THE NAVY LEAGUE came into being as the result of a meeting of Navy supporters held in
New York on November 5, 1902. The purpose of the League would be "...to enlighten the
people...on naval matters and tell them what a navy means to the country -- and what it
ought to mean to them."
Two weeks later, a committee had been formed, a constitution drafted -- and on December,
29, the League's certificate of incorporation was filed in Albany, New York. The Navy
League of the United States was born.
As stated in the first edition of the Navy League Journal, predecessor of today's
SEA POWER magazine, it was the League's resolve to never formulate specific needs for the
Navy in the way of ship types or force levels, but rather to educate the people on the
importance of sea power. The Navy League has always embraced the philosophy of Alfred Thayer
Mahan--and Theodore Roosevelt, who was instrumental in the establishment of the League--
that a strong navy is the most cost effective means of ensuring peace.
The Navy League is unique among military-oriented associations in that it is a civilian
organization dedicated to (1) the education of our citizens, including our elected officials,
and (2) the support of the men and women of the sea services and their families. To this end,
the Navy League works closely with the Navy, Marine Corps, Coast Guard, and U.S.-flag merchant
Marine through a network of nearly 350 councils in the United States and overseas. The league
has nearly 72,000 individual members--people who are just like you.
Individual Navy League Councils are involved in a variety of activities ranging from seminars
and speaker programs to scholarship programs and a wide range of family support services for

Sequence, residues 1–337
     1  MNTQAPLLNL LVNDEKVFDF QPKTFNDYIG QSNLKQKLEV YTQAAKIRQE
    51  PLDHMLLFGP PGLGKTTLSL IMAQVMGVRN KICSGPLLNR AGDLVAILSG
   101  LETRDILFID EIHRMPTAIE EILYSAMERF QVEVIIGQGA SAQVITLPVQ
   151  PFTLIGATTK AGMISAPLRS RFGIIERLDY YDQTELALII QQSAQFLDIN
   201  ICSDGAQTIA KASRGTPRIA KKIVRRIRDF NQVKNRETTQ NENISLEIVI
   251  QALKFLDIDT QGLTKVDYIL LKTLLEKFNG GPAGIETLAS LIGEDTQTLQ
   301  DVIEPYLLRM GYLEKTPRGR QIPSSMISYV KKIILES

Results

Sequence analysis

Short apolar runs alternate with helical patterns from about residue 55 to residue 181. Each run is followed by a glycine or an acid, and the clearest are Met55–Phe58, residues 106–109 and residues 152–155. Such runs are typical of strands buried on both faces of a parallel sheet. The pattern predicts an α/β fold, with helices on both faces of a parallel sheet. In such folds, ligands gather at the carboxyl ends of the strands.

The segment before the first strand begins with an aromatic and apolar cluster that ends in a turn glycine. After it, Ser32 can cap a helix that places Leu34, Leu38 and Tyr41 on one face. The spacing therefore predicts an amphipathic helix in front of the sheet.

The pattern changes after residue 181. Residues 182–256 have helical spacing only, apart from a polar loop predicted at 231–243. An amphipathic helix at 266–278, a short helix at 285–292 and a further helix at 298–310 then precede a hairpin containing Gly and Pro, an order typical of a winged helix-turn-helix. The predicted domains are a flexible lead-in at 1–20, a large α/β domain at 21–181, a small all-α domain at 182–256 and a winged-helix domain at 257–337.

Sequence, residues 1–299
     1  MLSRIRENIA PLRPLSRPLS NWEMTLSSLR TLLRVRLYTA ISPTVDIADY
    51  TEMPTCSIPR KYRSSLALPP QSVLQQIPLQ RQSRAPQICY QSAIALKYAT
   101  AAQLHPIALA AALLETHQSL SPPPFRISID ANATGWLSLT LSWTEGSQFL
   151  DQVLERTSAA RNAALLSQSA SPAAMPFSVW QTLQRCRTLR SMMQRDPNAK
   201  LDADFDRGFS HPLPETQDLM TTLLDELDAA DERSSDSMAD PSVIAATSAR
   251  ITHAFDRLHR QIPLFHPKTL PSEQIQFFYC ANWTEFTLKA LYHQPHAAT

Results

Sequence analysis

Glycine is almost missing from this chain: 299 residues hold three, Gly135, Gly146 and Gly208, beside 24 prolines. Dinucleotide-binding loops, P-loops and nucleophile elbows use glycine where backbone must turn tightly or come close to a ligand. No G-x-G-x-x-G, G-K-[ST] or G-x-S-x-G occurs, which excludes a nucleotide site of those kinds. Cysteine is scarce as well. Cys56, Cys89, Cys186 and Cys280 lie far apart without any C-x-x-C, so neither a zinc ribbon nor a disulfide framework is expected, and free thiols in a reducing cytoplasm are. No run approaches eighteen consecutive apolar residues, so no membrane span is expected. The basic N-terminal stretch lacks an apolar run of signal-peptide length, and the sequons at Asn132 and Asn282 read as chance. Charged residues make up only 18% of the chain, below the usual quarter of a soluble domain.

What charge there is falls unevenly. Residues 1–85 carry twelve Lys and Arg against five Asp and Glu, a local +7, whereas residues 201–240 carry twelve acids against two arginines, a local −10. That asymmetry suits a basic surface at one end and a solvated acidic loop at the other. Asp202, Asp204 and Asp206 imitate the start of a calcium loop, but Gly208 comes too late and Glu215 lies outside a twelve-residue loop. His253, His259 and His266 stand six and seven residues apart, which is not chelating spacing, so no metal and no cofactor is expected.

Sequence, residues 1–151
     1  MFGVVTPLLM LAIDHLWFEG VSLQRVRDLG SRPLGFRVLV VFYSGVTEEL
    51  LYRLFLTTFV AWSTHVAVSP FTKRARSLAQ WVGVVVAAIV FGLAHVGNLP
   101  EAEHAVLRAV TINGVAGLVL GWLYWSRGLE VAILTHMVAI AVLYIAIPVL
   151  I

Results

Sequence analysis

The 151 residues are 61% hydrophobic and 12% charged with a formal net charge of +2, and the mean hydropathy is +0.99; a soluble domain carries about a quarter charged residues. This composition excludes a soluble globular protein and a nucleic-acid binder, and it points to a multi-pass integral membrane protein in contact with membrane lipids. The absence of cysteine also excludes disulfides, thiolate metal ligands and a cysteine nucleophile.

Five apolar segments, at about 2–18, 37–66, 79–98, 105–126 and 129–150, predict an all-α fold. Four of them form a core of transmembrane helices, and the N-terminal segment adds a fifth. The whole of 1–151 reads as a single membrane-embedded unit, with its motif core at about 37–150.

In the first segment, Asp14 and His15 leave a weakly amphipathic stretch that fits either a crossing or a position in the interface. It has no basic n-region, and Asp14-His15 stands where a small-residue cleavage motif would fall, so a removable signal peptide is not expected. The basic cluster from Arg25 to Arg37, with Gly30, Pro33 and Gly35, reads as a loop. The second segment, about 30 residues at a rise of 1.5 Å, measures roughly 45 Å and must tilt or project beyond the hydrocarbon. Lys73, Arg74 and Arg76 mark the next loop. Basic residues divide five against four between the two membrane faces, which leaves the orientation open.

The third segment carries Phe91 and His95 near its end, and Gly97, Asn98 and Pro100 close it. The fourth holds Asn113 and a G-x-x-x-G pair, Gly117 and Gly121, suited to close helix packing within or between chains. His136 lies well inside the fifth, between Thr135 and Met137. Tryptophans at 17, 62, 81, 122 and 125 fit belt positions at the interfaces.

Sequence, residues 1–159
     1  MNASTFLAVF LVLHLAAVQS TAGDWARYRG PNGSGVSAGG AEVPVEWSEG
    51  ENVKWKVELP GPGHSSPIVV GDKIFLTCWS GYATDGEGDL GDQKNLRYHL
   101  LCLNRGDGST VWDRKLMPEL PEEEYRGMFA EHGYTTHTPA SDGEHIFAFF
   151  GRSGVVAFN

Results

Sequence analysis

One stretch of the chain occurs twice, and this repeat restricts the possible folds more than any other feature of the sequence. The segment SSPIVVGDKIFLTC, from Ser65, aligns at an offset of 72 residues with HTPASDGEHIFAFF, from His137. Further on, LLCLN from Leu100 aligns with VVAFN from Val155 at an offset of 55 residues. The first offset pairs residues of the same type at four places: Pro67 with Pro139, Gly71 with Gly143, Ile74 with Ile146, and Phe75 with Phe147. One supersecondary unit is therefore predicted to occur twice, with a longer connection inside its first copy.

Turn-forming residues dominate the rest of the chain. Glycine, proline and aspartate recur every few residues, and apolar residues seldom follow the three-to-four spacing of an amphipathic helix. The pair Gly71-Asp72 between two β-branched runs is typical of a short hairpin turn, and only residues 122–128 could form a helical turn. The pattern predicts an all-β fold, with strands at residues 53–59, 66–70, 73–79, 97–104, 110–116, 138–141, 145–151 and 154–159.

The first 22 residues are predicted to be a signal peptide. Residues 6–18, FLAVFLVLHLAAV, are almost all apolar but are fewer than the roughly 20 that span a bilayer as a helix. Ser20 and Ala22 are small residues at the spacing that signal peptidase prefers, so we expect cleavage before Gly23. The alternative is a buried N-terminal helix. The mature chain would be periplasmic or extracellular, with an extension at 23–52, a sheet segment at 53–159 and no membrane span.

the military units located in their vicinities. Many Councils participate in awards programs
by which outstanding Navy, Marine Corps, and Coast Guard personnel are recognized for their
achievements. Some Councils have adopted ships and shore stations; others have planned,
executed, and underwritten the ceremonies connected with the commissioning of new Navy ships.
Recognizing that the youth of today will be the leaders of tomorrow, the Navy League has
developed a very effective and results-oriented youth programs, which includes support of the
U.S. Naval Sea Cadet Corps, and the Navy League Scholarship Program.
To keep Navy League members and the public informed about new developments shaping our Navy,
Marine Corps, Coast Guard, and U.S.-Flag Merchant Marine, the Navy League publishes SEA POWER
Magazine and the ALMANAC OF SEAPOWER. Subscriptions to both are included in your Navy League
membership--at no additional cost.
We are leased to invite you to join us. It will be our honor to welcome you as a fellow member,
and we are sure you will take equal pride in belonging to the NAVY LEAGUE or the UNITED STATES.
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